Here’s what turned out to be an award-winning photo of Dad at age 87 as he hoisted a dandy northern pike in the North Woods. He liked fishing but golf was his true passion for the past 40 years. —Photo By The Author
Here’s what turned out to be an award-winning photo of Dad at age 87 as he hoisted a dandy northern pike in the North Woods. He liked fishing but golf was his true passion for the past 40 years. —Photo By The Author
THE MAN who taught the scribbler about fishing, hunting, camping, waterskiing, golf, newspapering, faith and life in general breathed his last July 12. My dad died last week, at age 89.

Many have seen the face of Leland H. “Korny” Krueger on these pages in recent years because we had a decade-long stretch where he would give up chasing the little white ball for a couple of days each year to fish in the North Woods.

And without fail, we caught up, we caught fish and we reminisced about the good old days when a family of six spent countless weekends every summer fishing and boating in Three Lakes or Boulder Junction while growing up in central Wisconsin’s farm country.

As I’ve written so many times, there is really nothing that compares to a fishing trip with dear old dad. It’s a privilege that needs to be taken advantage of every chance you get, for someday, you’ll regret the opportunities to share boat space that were never acted upon.

We knew those moments together wouldn’t last forever so we kept it up through 2017, when my parents made a permanent move to their wintering place in Texas. But his health issues soon forced them back to Wisconsin, into assisted living and things spiraled downward from there.

It wasn’t too many years ago that he was stubborn enough to tell me that nobody ever died from smoking, because he was in denial on the whole subject of what causes cancer and other breathing ailments. But last year, he finally admitted that 73 years of smoking had ruined his lungs. In the end, he was on oxygen.

But to tell you the truth, he wouldn’t have been happy any other way. And he did make it almost nine decades. There were a couple of times that he quit smoking for several months and maybe even a year, but every time, my mom insisted that he resume because living with an angry, moody nonsmoker was no fun.

The North Woods was my second home growing up so it’s no big surprise that I landed here and stayed here during a career of newspapering. Like many of you, I fell in love with God’s country and pretty much decided that nobody was going to drag me away from this land of lakes and forests and wildlife.

Korny Krueger was a dear friend to many, but some saw this Navy veteran and product of a tough upbringing during the Great Depression as a little too stubborn, old-fashioned and somewhat antagonistic — possibly one of the qualities that made him a good newspaper publisher for almost two decades.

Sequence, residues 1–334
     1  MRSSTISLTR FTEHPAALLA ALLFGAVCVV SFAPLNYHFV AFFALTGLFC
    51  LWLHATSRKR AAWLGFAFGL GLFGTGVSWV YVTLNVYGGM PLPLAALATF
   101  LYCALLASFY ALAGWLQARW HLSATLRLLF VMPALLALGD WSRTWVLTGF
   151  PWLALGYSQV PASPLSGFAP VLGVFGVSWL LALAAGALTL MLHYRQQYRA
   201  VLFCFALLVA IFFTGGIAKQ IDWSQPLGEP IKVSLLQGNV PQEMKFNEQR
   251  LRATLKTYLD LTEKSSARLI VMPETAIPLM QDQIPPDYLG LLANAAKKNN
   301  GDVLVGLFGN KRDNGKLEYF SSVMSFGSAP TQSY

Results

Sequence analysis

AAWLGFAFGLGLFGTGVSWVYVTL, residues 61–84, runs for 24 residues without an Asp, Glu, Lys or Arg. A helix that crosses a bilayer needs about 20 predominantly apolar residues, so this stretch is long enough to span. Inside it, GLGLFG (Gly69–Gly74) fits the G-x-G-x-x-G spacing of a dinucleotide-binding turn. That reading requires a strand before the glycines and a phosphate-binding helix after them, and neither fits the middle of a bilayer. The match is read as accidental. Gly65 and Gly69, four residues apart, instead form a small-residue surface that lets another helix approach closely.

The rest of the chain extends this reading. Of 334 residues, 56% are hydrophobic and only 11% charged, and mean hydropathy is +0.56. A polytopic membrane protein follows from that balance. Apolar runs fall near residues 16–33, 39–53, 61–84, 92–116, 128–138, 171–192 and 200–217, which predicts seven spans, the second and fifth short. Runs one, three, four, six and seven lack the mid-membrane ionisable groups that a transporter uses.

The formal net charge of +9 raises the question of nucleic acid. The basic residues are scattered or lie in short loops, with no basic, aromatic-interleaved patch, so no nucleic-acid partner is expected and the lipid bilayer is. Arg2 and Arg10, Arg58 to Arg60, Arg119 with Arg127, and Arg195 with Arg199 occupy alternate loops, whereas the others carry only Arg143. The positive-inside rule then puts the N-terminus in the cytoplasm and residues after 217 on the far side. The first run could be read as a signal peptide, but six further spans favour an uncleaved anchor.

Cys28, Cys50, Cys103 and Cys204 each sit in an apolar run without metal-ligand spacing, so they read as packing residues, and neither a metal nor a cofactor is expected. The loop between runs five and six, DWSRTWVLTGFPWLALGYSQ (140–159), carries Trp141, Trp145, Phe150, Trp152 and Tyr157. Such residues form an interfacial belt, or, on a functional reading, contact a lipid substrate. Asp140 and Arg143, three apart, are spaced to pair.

It’s not the easiest job in any community trying to deliver the news, because often the news is not good and publicizing it lets our readers know the truth. It’s not a job you can do without controversy, and quite often those affected want to beat up the messenger — as if it’s our fault for their wrong-doing.

Through all the trials and tribulations of life, Dad maintained a solid faith in God and he was never afraid to share his feelings, often challenging people to think about their own faith at what seemed to us like very awkward moments.

Looking back, I’m not sure that there is ever a perfect time to do what God asks of his believers — to witness to others.

Dad was quite the athlete, starting with boxing and basketball during his Navy years and then baseball and basketball when he returned to his native Marion. He was a city team baseball starter until age 47, when the Marion Meisters won the BABA Championship. Then he took up the game of golf and for never having swung a club previously, he did mighty well in that sport for 40 years.

Korny was a talker. He could strike up a conversation with just about anyone, anywhere. That sometimes got him in trouble with a wife and family that were holding dinner for him after work hours, because back in the day, families ate together on pretty much every night at pretty much the same time. And we didn’t eat without Dad.

It was fitting that I learned of his death just hours before the annual Kids Fishing Day in Eagle River would begin last Thursday, for there was hardly a better way to celebrate his life than by doing what he did for me — passing the torch on a great outdoor sport to another generation of anglers.

He grew up in poverty and had a tough home life, and that shaped him for life. It’s probably what sent him to the Navy at age 17, and we’re still trying to figure out how he snuck in before he was of proper age. He was a proud veteran, serving on the USS Taconic during the Korean Conflict.

Life on a ship gave him a love for boating, and the Krueger family always had a boat for fishing, cruising and skiing.

Dad was what they call a printer’s devil at age 11, working with hot type, cleaning duties and whatever it took at the Marion Advertiser. They bought that paper when I was 9, and I followed in his footsteps with a career in journalism.

We sold advertising specialties together for decades, even attending a national show together in Texas in our early years. It all happened after I stumbled into a way to go direct with manufacturers.

The tears are flowing heavily now as I author these final words about my dad. And the only appropriate way to end this is to steal his favorite words. For of all the gifts he provided, none is more important than the gift of faith.

We’ll meet again Dad, someday, Lord willing.